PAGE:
In the spirit of global cooperation and research partnerships across multiple nations, the Newton Prize 2020 has released their shortlist of 27 candidates.
From an international battle against liver cancer to an effort to preserve the heritage of medieval Cairo through virtual reality, Egyptian researchers have been putting in the work. In the spirit of global cooperation and research partnerships across multiple nations, the Newton Prize 2020 has released their shortlist of 27 candidates of collaborations between the UK and the countries of Jordan, Kenya, South Africa, Turkey and Egypt. And we made the list with not just one, not two, but five research projects tackling into some of our most urgent crises.
One of the most promising nominees is PhD scholar Marco Zaki from Minia University, who established a partnership with Professors Fiona Oakley and Helen Reeves at Newcastle University to tackle liver cancer. After he was enrolled as an occasional student at Newcastle University, Zaki's Master of Science project sought out methods to halt the progression of liver cancer by finding biomarkers in the blood and using 3D modelling. And if he wins, Zaki has some special plans for the prize money.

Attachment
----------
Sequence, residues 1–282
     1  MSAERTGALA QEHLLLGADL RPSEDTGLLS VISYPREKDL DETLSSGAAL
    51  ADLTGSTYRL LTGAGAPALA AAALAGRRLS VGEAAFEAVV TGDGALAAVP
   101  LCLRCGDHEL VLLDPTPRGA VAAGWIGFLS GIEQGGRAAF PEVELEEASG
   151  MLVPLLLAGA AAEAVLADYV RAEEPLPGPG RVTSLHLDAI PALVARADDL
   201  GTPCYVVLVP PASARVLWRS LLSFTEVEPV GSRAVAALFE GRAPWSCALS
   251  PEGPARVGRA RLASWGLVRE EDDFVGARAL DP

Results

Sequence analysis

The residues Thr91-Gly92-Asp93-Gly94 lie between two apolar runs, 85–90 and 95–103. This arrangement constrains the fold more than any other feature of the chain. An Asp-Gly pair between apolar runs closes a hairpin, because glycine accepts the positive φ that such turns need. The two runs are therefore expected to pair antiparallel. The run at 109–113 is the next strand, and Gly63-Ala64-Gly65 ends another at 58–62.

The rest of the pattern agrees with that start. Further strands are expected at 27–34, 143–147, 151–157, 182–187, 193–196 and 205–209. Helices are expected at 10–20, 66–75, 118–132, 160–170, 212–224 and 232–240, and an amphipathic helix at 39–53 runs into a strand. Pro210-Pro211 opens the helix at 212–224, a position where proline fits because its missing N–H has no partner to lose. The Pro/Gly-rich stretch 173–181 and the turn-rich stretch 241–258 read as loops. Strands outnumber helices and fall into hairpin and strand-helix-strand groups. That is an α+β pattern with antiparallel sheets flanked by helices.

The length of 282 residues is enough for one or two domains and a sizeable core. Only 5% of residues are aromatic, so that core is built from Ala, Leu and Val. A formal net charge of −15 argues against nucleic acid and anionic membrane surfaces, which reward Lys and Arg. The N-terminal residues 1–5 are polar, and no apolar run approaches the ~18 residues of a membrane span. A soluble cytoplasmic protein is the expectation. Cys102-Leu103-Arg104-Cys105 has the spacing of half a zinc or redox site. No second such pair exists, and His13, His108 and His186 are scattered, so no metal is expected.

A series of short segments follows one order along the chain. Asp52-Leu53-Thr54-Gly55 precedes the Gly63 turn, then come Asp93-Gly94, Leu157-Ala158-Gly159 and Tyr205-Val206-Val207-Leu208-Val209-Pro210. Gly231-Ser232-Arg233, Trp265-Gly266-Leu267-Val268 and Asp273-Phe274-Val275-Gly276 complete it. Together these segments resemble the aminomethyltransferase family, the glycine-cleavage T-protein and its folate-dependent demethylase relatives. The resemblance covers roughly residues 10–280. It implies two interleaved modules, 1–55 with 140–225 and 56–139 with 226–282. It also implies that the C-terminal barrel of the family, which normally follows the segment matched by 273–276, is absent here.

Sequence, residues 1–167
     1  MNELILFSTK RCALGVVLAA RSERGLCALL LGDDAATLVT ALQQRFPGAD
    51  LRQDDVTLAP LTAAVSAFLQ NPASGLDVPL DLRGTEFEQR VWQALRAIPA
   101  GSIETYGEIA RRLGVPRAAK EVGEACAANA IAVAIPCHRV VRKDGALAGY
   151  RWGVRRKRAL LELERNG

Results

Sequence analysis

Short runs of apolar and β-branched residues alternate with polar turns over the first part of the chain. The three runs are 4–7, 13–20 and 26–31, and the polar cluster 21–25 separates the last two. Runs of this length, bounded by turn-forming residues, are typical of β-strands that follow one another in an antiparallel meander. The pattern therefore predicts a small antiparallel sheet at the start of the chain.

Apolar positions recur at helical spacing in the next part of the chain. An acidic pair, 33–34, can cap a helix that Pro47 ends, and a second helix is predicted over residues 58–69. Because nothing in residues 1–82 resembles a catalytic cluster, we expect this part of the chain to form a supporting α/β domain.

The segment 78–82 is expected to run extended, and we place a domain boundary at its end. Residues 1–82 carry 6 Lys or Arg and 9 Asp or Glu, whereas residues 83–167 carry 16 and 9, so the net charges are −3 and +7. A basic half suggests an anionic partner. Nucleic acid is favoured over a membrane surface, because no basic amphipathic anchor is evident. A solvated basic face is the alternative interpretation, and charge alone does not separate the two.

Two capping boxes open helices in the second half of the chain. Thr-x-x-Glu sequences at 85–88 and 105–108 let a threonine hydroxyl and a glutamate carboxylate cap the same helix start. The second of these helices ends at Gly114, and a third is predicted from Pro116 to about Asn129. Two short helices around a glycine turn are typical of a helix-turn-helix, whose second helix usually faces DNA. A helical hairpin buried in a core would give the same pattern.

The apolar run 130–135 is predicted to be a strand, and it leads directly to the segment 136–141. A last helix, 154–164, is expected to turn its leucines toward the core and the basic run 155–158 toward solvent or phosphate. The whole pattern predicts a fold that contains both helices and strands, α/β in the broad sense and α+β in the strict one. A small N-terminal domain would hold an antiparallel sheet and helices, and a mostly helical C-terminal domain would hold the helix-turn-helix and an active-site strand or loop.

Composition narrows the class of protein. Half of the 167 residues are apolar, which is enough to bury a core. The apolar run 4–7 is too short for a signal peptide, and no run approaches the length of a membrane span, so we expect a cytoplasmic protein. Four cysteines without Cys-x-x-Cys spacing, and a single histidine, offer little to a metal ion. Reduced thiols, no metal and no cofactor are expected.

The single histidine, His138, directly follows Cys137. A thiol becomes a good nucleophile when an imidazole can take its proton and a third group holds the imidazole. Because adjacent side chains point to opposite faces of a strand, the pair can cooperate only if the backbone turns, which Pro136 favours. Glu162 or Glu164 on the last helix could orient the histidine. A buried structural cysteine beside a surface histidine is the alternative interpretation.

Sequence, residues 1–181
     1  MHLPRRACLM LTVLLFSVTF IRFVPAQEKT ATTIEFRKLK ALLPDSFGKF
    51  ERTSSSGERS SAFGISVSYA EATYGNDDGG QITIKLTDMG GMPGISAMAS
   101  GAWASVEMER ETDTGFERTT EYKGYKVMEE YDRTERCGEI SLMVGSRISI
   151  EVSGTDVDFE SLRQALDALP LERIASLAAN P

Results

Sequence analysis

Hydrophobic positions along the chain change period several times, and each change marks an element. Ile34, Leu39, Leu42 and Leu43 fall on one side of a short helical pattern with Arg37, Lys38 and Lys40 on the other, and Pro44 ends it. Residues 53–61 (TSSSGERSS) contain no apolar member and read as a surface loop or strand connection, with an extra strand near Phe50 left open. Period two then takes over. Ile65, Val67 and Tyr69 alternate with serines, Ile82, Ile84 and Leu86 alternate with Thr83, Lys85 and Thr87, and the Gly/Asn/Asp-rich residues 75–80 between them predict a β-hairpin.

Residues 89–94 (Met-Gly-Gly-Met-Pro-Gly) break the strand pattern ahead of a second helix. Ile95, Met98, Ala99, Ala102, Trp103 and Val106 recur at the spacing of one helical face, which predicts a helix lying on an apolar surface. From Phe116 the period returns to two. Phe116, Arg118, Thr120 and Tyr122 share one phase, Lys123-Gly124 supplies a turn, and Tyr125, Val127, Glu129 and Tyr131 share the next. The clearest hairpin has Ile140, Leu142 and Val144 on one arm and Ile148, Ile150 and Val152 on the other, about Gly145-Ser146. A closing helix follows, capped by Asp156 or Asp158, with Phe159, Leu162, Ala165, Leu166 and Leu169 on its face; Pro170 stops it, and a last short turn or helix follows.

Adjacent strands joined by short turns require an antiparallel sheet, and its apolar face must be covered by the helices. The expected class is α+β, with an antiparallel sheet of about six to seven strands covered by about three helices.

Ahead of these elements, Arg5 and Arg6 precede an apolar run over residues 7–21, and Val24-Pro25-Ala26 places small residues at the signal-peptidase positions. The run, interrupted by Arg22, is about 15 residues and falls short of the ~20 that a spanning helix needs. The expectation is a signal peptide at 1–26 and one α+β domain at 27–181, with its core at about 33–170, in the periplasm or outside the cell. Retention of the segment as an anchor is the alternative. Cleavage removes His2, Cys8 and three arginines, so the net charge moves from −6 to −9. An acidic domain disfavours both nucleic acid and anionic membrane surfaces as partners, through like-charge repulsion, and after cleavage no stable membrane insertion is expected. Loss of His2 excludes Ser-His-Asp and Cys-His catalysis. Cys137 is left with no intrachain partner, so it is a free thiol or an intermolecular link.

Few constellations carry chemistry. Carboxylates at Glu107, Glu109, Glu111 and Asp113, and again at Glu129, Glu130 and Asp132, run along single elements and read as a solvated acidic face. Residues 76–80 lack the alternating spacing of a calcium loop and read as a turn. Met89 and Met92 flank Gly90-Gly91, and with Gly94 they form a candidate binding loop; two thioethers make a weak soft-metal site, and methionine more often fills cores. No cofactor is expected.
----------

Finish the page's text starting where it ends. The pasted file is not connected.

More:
"Half of the prize's money will be the basis for new collaboration between Minia University in Egypt and Birmingham and Cambridge universities in the UK where I will be doing lab work to identify novel preventive targets for liver cancer," Marco Zaki told #CairoScene. "The second half will establish the NILE CAN lab, a basic science lab that supports young molecular biologists and female researchers in Upper Egypt."
The other Newton Prize nominees include two projects focused on historical preservation - with 'Earliest Egypt' centred on management and capacity building, while 'Virtual reality of medieval culture' seeks to establish a collaborative network for cultural-feed virtual heritage platforms. The other two projects focused on sustainability of fresh water - with Port Said University and the University of Sheffield developing a water plant driven by renewable resources, and a two-year study showing how to most efficiently irrigate water.
To learn more about these inspiring projects, check out at newtonfund.ac.uk.